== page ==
Michael McGRATH, Plaintiff-Appellant, v. CONSOLIDATED RAIL CORPORATION, Defendant-Appellee.
Michael McGRATH, Plaintiff-Appellee, v. CONSOLIDATED RAIL CORPORATION, Defendant-Appellant.
On June 13, 1995, plaintiff-appellant Michael McGrath (“McGrath”) commenced this action for personal injuries he suffered as an employee of defendant-appellee Consolidated Rail Corporation (“Conrail”). McGrath alleges that Conrail was negligent in failing to provide him with a safe work place pursuant to the Federal Employers' Liability Act (“FELA”), 45 U.S.C. § 51 et seq., and was liable under the Federal Boiler Inspection Act (“Boiler Act”), 45 U.S.C. § 23,1 for requiring him to work with a locomotive that was in a defective condition. After a jury trial, the district court entered judgment in favor of Conrail on both the negligence and Boiler Act claims.
McGrath appeals on three grounds. Appellant argues that the trial court erred (1) in allowing into evidence McGrath's receipt of collateral source benefits; (2) in submitting to the jury the legal question of whether the locomotive in question was “in use” for purposes of the Boiler Act; and (3) in instructing the jury on the Boiler Act claim. Conrail cross-appeals on the issue of whether the Boiler Act applies to the facts of this case. We find no abuse of discretion with respect to the admission of collateral source evidence. However, the district court erroneously submitted the “in use” question to the jury. As a matter of law, we find that the Boiler Act applies to the instant case. Accordingly, we affirm the jury verdict for the employer on McGrath's negligence theory, but vacate and remand the verdict for Conrail on his Boiler Act claim.
On appeal, we summarize the facts in the light most favorable to the verdict-winner, consistent with record support. See Wainwright Bank & Trust Co. v. Boulos, 89 F.3d 17, 19 (1st Cir.1996). McGrath was a Conrail engineer employed as a “shifter,” or an engineer for short runs, who usually moved trains between local depots. He was responsible not only for operating the train, but also for attaching individual cars to the locomotive. On March 21, 1994, he reported to work at Conrail's Beacon Park office in Allston, Massachusetts. McGrath was the engineer on a job identified by Conrail symbol “WABP-11.” The crew that worked WABP-11 consisted of an engineer (McGrath), a conductor, and a brakeman. The train used to perform WABP-11 was made up of at least one locomotive and several railroad cars. On March 21, 1994, the WABP-11 was scheduled to service Conrail's industrial customers in South Boston.
McGrath was assigned to locomotive number 2013, which was coupled back-to-back with another locomotive. McGrath approached both locomotives, which had their engines running, and boarded the second locomotive to cross over into locomotive number 2013. As soon as he entered the cabin of number 2013, McGrath started to walk toward the daily inspection card. In the cabin, McGrath lost his balance when he stepped on an acorn-shaped nut. He prevented himself from falling by grabbing the four-foot high engineer's control stand. Consequently, he suffered injuries to his shoulder, neck and back. One of Conrail's defenses at trial was that McGrath was malingering, i.e., feigning physical disability to avoid work and to continue receiving disability payments. For purposes of rendering its verdict, the jury assumed that the accident described above did occur.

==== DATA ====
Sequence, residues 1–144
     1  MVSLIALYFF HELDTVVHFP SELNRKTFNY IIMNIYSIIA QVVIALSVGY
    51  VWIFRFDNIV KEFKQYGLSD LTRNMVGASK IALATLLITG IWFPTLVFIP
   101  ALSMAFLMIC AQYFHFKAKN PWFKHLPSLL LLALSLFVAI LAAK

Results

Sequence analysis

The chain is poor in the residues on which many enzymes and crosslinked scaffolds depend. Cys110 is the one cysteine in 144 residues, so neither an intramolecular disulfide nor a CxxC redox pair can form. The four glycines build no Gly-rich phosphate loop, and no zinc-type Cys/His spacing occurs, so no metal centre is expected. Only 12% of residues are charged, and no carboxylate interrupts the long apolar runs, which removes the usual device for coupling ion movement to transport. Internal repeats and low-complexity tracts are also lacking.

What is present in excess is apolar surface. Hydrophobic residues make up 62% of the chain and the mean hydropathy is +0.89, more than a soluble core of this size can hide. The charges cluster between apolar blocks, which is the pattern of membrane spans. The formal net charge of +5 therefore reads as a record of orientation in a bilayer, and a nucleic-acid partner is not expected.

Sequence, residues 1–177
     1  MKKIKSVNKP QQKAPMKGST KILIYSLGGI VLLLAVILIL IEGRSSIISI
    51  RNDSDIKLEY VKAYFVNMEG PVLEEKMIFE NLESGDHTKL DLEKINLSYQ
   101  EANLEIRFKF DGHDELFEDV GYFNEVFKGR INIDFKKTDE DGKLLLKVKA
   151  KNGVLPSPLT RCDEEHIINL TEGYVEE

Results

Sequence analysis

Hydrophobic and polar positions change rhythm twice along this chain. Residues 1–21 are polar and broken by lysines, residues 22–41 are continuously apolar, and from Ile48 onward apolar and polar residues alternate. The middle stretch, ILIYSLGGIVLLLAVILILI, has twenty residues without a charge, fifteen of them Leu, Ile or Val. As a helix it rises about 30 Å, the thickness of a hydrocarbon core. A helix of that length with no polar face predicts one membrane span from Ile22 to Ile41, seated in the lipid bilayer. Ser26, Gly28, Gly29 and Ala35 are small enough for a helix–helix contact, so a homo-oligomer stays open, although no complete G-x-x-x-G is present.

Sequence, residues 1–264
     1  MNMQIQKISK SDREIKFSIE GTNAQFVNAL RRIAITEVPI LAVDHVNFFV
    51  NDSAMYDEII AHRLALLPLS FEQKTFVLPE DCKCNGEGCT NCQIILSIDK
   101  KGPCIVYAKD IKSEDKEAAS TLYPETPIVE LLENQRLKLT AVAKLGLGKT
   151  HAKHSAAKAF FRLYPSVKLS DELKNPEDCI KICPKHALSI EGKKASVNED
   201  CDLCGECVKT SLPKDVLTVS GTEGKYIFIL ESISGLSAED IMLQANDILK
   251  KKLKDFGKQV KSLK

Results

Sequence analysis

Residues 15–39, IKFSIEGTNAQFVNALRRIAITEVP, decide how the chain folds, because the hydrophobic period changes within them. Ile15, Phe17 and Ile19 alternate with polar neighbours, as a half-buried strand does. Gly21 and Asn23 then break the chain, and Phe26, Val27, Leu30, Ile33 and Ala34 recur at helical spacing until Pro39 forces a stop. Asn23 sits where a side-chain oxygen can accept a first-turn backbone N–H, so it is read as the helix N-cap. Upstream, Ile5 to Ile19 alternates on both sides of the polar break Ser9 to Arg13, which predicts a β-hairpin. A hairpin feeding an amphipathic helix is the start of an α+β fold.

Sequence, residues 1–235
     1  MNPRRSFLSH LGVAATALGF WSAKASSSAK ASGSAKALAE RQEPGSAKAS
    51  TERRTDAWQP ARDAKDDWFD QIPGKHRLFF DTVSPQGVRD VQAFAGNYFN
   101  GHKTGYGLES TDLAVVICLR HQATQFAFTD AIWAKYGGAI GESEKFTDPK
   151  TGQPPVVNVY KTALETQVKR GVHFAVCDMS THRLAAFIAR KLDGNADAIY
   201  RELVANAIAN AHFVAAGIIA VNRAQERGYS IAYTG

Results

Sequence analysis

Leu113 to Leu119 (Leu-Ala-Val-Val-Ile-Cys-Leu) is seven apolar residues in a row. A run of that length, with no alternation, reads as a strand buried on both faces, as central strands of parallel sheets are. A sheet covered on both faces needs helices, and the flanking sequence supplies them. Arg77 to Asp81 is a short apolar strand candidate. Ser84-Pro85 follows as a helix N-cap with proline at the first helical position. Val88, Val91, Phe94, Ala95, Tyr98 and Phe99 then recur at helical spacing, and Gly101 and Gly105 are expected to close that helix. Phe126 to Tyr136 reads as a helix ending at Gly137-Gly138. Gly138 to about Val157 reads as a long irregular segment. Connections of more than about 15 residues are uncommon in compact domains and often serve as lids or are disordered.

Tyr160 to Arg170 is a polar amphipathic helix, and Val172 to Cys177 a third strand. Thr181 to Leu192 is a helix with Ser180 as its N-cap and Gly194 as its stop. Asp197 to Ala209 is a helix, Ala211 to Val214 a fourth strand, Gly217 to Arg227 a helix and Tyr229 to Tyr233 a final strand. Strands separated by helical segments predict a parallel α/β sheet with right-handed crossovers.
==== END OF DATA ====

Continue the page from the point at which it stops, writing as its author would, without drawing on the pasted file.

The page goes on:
A. Collateral Source Evidence
McGrath argues that the district court committed reversible error by allowing into evidence his collateral sources of income, including disability pension payments under the Railroad Retirement Act and supplemental credit disability insurance payments on his automobile. Under the collateral source rule, the plaintiff need not offset his or her recovery from the defendant by the amount of any benefits received from a source collateral to the defendant. See Lussier v. Runyon, 50 F.3d 1103, 1107 (1st Cir.1995). The rule mitigates the danger of the jury finding no liability or reducing a damage award “when it learns that plaintiff's loss is entirely or partially covered.” Moses v. Union Pac. R.R., 64 F.3d 413, 416 (8th Cir.1995); see also Tipton v. Socony Mobil Oil Co., 375 U.S. 34, 36-37, 84 S.Ct. 1, 2-3, 11 L.Ed.2d 4 (1963) (per curiam).
However, the rule is not absolute and courts have carved out exceptions to the collateral source doctrine. See Moses, 64 F.3d at 416 (allowing collateral source evidence where the plaintiff's case itself has made the existence of such evidence of probative value); Santa Maria v. Metro-North Commuter R.R., 81 F.3d 265, 273 (2d Cir.1996) (holding collateral source evidence admissible if plaintiff puts financial status at issue); Simmons v. Hoegh Lines, 784 F.2d 1234, 1236 (5th Cir.1986) (finding collateral source evidence admissible for limited purpose of proving another matter if little likelihood of prejudice and no strong potential for improper use, and a careful qualifying jury instruction is given). We review the trial court's admission of collateral source evidence for abuse of discretion. See Blinzler v. Marriott Int'l, Inc., 81 F.3d 1148, 1158 (1st Cir.1996).